Knowledgebase: Toner 101
Glossary of Terms
Posted by Richard Waugh on 18 May 2012 04:11 PM
100% New Compatible
A product that is produced brand new by a non-OEM manufacturer
Any cartridge that has been disassembled and then re-assembled in the production process.
A product that can be used in multiple OEM machine models.
An internal printer component that permanently bonds the dry toner to the page. Fuser rollers apply heat and pressure to the toner making it bond to the page. Cleaning and maintenance of the fuser assembly rollers is vital in keeping quality printing performance.
(Magnetic Ink Character Recognition) refers to the type of toner inside the cartridge. MICR cartridges contain magnetic toner that can be read by automated MICR reading equipment. This toner is also more costly and less common than standard black non-MICR toners. The most common use of MICR printing is routing and account information on checks. The American National Standards Institute (ANSI) specifications are considered by the U.S. banking industry as the definitive criteria for judging the quality of a MICR document.
Original Equipment Manufacturer, (i.e. HP, Lexmark, Canon, etc.)
A number that refers to the percentage of a printed page that is covered by toner. Typical page coverage is 5%.
A number that indicates the number of pages you can expect from the full life cycle of your cartridge. Our page yields are established by testing 5% page coverage per color benchmarked against the OEM.
Consist of a series of post testing on a newly assembled cartridge. Testers evaluate the variable types of print demands expected on each cartridge. This helps determine which finished assembled cartridges are ready for packaging.
This is a highly refined dry powder that is inside the toner hopper of a laser cartridge. Monochrome toner is usually dark black and consists of minute amounts of resin that are fused to the page with heat and pressure. Color printers use four color toners: black, cyan, magenta, and yellow (known as "process colors"). They combine to make up the full variety and shades of color.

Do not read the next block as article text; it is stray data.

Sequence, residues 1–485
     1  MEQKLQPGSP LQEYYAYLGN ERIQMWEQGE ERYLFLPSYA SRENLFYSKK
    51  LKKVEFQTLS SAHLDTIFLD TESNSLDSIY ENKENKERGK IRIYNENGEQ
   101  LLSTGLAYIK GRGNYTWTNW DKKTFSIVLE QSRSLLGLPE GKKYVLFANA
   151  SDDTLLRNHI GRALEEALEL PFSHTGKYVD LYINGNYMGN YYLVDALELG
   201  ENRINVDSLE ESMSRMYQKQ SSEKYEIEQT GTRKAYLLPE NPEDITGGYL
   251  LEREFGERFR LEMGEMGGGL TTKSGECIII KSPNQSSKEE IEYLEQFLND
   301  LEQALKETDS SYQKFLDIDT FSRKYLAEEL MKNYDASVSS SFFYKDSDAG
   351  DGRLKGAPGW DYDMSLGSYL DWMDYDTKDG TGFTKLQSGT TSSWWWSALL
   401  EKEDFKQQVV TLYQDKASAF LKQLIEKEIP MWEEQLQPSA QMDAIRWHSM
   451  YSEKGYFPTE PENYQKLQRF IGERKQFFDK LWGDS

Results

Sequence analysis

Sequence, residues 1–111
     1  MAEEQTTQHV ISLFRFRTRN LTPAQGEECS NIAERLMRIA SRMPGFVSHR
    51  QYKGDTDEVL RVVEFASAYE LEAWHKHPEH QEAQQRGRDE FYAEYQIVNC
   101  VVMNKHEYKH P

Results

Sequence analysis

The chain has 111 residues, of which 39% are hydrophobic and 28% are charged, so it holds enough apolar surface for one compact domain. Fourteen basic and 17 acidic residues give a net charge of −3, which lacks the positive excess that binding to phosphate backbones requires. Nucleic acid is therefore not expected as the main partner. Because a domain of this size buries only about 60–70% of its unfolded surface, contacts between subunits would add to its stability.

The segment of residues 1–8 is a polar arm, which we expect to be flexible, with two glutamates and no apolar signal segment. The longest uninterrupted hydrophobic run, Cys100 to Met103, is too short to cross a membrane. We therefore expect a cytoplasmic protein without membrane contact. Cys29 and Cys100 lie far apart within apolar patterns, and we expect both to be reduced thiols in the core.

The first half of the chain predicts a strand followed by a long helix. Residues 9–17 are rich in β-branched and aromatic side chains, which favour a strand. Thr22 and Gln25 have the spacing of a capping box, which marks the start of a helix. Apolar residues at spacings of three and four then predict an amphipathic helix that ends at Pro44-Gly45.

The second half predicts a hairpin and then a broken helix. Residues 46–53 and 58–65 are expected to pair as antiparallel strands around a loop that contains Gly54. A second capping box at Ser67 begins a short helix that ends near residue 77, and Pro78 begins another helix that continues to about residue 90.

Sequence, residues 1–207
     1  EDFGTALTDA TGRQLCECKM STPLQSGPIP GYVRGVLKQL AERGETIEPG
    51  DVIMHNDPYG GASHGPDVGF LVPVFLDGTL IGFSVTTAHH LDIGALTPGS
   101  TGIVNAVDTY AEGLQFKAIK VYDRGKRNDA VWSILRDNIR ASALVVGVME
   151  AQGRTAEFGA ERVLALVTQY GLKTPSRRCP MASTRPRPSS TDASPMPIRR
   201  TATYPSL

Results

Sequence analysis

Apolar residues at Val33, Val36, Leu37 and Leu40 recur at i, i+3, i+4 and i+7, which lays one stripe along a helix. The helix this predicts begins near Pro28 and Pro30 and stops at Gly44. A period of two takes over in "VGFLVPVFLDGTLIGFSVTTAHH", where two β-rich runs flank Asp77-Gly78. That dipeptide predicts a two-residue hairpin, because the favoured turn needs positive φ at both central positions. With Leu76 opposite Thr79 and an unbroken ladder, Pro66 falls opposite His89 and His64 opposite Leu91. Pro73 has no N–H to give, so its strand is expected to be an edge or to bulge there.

Developer Roller or Mag Roller
A metal or rubber roller that charges and carries toner to the Organic Photoreceptor Drum (OPC) If damaged or worn the Developer Roller can casue print defects.
An alumninum tube coated with chemical layers that have the ability to store an electrical charge on the surface. The coatings react to light exposure, causing some of the surface charge in the exposed areas to be discharged and conducted to ground. These discharged areas now attract toner.
Developer Roller (Mag Roller) Sealing Blade
This is a thin Mylar or polyurethane blade that seals the bottom area of the Developer Roller. If damaged , worn, or wavy, it can leak and casue print defects.
Doctor Bar or Blade
A rubber or metal blade that adjusts and conditions or "doctors" the layer of toner on the Developer Roller. Worn or damaged Doctor blades can cause light or dark print, vertical streaks or background.
Wiper Blade or Scraper Blade
This is a metal blade with a thin strip of urethane or silicone attached, forming a precision edge. After the toner transfer process, some of the toner is left on the OPC. The precision edge scrapes this toner from the OPC and allows it to fall into the waste area. A worn or damaged blade can cause print defects. A dry or liquid powder lubricant is usually applied to the edge of the blade to allow the OPC drum to turn in the initial stages of printing.
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